Subleasing: Pros And Cons For Landlords

Not All Subleasing Arrangements Are Negative

In some states and municipalities, laws exist which restrict subletting arrangements. However, this isn’t the case everywhere, and there are situations where, as a landlord, a sublet arrangement can be worthwhile.

Pros and cons exist for subletting, and in order to determine if you should allow this on your property, you want to weigh them. As a means of helping you establish the best practices for your particular situation, in the following text we’ll briefly explore some of the pros and cons associated with subletting.

Positive Aspects Of Subletting

If you’ve got a tenant who is always struggling to pay the rent, allowing them to sublet can assure you always get paid when rent is due. Though America’s economy is doing well, many factors are pushing even the most honest citizens into pursuing less-than-recommendable courses of action. Consider student loans, as an example.

Getting a four-year education is going to cost something like $50k, up to $100k or more. Some post-grad in their early twenties who have never held down a job may enter the workforce tens of thousands of dollars in debt. How will they handle it? Well, they might take out loans, buy things on credit, and make a number of poor choices.

In all likelihood, such an individual will be stuck at a conventional nine-to-five occupation for decades. What this means is, though they may have relatively constant income, they still struggle to make ends meet at the end of every month. If you let them sublet, you can reduce some of the burdens they experience, and so avoid being impacted by their financial losses.

Subletting arrangements can lead to cleaner, better-managed premises. Sometimes someone your tenant is renting to has construction or cleaning skills. Sometimes someone subletting may run an additional business through an apartment. Some of these Texas apartments for rent allow subletting for these and similar reasons, given prior landlord consent.

Positive Aspects Of Subletting

Negative Aspects Of Subletting

It can be illegal in your municipality to sublet even given landlord consent. This is the case in certain collegiate communities. Sometimes several subletting arrangements are possible given written consent, but contrarily, there are instances where only a single instance of subletting is allowed.

So if you were a landlord with a property that had four bedrooms, you might only be able to rent to one or two people legally. If you’re found out of compliance, you could be subject to local legal consequences.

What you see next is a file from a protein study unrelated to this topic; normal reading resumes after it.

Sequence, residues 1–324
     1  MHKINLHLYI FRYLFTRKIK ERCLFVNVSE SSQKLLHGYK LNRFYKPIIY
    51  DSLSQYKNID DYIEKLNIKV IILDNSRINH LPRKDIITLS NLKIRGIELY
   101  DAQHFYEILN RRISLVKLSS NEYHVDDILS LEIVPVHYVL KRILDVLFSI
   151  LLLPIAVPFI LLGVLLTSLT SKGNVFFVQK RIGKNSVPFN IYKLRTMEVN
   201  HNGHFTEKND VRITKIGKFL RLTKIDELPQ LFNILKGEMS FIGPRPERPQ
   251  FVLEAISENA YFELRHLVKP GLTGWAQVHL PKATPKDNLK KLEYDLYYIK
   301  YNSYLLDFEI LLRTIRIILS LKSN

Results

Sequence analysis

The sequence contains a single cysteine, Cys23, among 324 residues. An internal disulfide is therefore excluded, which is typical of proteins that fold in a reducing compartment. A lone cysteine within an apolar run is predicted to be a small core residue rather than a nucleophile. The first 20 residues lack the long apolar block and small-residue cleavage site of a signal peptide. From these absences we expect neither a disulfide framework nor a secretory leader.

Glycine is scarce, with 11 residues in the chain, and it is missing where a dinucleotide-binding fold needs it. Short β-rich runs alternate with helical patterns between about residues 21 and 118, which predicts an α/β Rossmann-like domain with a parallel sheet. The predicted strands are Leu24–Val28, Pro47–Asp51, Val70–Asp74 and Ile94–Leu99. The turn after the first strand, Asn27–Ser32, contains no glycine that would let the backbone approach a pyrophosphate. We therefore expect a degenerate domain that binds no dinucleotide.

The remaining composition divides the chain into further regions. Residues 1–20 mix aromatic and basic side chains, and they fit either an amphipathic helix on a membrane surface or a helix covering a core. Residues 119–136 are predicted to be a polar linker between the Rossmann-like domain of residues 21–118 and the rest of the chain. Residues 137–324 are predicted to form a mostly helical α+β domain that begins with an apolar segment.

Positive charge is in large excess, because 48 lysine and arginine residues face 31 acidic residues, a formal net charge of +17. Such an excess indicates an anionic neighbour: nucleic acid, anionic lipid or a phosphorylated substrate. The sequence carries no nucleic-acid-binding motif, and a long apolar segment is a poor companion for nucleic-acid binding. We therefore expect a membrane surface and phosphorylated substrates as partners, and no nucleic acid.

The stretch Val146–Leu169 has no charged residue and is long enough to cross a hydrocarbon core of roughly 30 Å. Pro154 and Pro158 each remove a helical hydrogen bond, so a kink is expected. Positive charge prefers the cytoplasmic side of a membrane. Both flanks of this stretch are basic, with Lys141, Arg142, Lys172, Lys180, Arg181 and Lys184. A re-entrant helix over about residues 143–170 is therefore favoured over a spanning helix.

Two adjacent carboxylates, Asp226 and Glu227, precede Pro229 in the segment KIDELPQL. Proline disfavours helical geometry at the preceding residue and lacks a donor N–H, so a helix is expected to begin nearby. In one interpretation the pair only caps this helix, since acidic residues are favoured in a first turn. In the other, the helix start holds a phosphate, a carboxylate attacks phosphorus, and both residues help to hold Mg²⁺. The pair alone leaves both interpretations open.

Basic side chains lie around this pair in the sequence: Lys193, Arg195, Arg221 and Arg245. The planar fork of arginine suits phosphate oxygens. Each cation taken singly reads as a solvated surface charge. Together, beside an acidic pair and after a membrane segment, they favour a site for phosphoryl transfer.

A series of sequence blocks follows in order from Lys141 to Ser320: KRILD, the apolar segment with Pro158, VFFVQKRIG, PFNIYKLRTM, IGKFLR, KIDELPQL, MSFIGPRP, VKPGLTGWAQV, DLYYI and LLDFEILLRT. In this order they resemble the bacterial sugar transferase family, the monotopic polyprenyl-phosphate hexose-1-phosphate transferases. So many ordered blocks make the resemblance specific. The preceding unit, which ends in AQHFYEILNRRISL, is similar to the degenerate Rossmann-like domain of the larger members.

Subletting can additionally open you up to compounded late payments. If someone is willing to pay for a sublet room, that usually means they aren’t too financially endowed, to begin with. Certainly, this isn’t always the case, but it’s a factor that deserves careful consideration.

Something else worth thinking about is this: those under a sublet arrangement aren’t as responsible for associated damage to your property as the primary tenant. While you can demand such legal language in a subletting agreement, this is a detail many landlords miss. If you don’t cover your bases here, it could prove damaging to your property.

Negative Aspects Of Subletting

Making The Best Choice For Your Property

Subletting can maximize profitability potential for a piece of real estate. If you’ve got a home that has several bathrooms and five bedrooms, all in decent shape, you could potentially recoup $5,000 a month from that premises through $1k per tenant. You could have a primary tenant collect the other $4k, and cut that individual a discount.

If you were pulling in $4,500 for a single unit over a year’s time, that’s $54k a year. For that kind of money, you can keep the property in excellent condition, manage taxation, and expand your largesse as a landlord. However, if you’re not careful, there’s a high potential for seeing negative consequences like lack of payment, property damage, or legal ramifications.

If you’ve gotten yourself in a situation where someone renting under a sublet agreement needs to be evicted, there are apartment location options that can allow for free moves if necessary. It’s possible for tenants to move free with UmoveFree. There are options if you’re in a difficult situation.

The Condensed Takeaway

The bottom line is this: it’s impossible to determine the totality of consequences from a subletting scenario. These represent a future outcome. There are pros to the process, there are cons for the process, and whether allowing tenants to sublet is right for you as a landlord will depend on your own unique circumstances. 

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